As a country, people of color have just one month of recognition that was not offered to them, but taken as an opportunity. An opportunity to reflect on the struggles, the trials, and the tribulations beset on a group of people who were forced to this place by oppressing colonizers looking to build a land based on morals and values. Those oppressors would somehow call it “the land of the free.” My ancestors would agree, as I hope my son never has to. But if this is free, then I wish to change the definition.
Just over 500 years later, the fight continues. It may not continue today in the same forms as it did 25, 50, or 150 years ago, but the fight is still real. Every day there is injustice towards people who look like me; few make the news or aren’t even recognized as issues. With that said, as the son of the first black executive of the state of Alabama, the grandson of a pioneer of the civil rights movement and the former President of the NAACP (National Association for the Advancement of Colored People) as well as the great-great-great-grandson of the first black congressman in the state of Florida, it serves me well to know where we have come from. Not only through family stories, but through my own struggle as a black youth growing up in Birmingham, Alabama. We as a people have made tremendous strides, let that be known, but unfortunately the struggle is still real and our platform has yet to be truly equal.
So when I think about what black history means to me it creates moments of pain, of hurt, fear, and anger all while providing moments of joy, of pride, achievement, thanks, and success. Success is measured not by the position you’re in, but by what you’ve gone through or overcome to get to where you are. This month, which should be celebrated year round, brings a heightened sense or extended light to the men and women who came before me. Many people of color decided and declared that they were equal and deserved the rights that the constitution declared they should have and the freedoms that were warranted to not just a select few, but to all.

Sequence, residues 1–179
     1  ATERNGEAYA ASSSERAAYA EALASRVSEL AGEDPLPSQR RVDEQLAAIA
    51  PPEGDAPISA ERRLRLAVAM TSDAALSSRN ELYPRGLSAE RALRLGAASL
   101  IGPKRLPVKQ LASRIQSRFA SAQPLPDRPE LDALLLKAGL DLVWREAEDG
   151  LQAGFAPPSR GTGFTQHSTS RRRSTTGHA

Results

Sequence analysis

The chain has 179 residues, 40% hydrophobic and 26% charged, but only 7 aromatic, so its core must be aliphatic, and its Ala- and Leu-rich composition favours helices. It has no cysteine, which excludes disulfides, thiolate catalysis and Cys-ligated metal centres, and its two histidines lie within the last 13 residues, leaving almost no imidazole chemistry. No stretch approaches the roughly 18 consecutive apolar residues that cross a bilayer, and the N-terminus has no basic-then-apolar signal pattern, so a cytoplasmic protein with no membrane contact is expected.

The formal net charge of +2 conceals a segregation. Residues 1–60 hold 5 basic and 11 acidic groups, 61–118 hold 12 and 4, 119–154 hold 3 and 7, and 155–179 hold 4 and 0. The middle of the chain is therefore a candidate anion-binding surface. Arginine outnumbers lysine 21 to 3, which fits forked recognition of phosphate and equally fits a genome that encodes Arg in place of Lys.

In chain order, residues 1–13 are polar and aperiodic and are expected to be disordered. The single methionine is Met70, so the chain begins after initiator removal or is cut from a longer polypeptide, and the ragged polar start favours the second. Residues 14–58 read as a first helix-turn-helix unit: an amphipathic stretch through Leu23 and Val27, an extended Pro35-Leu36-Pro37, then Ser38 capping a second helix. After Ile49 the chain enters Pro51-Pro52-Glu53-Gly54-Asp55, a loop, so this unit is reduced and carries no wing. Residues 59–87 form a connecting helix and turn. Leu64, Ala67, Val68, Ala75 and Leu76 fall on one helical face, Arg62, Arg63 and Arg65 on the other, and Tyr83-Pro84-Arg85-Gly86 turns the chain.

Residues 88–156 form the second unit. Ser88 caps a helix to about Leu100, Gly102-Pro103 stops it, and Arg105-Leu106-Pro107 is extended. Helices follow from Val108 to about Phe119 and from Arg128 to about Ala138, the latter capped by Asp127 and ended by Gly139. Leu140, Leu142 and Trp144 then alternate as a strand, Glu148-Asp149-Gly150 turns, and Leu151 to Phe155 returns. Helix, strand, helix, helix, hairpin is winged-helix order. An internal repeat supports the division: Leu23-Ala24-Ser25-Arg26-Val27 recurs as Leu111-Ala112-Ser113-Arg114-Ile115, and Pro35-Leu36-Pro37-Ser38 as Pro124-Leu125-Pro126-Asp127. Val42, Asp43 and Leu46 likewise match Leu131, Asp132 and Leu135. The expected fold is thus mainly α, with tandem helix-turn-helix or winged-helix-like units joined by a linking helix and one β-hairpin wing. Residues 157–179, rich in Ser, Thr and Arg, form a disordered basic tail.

Despite the battles they faced, I sure am glad they did because as the 4th Thursday in November says, we should be thankful. I’m thankful for our real heroes and freedom riders. I’m thankful for the examples set by pioneers such as Charlie Sifford, Benjamin Davis, Thurgood Marshall, and Langston Hughes. I’m thankful for “Black Wall Street.” I’m thankful for the soldiers that fought in past wars for this country most of which wouldn’t be recognized as vets much less citizens. I’m thankful for the civil rights movement. I’m thankful for the opportunities that were allowed to me because I’m American, but more importantly, because of those we praise, especially this month.
The hope I have with this month is that we strive collectively and collaboratively as men and women and as brothers and sisters, not as brown and white. And that we search for an even better humanity that foregoes lines of color, while recognizing where we’ve come from and looking forward to the future. Black history is something to be thankful for and I have confidence that it brings us together in the coming days. For our society will depend on it.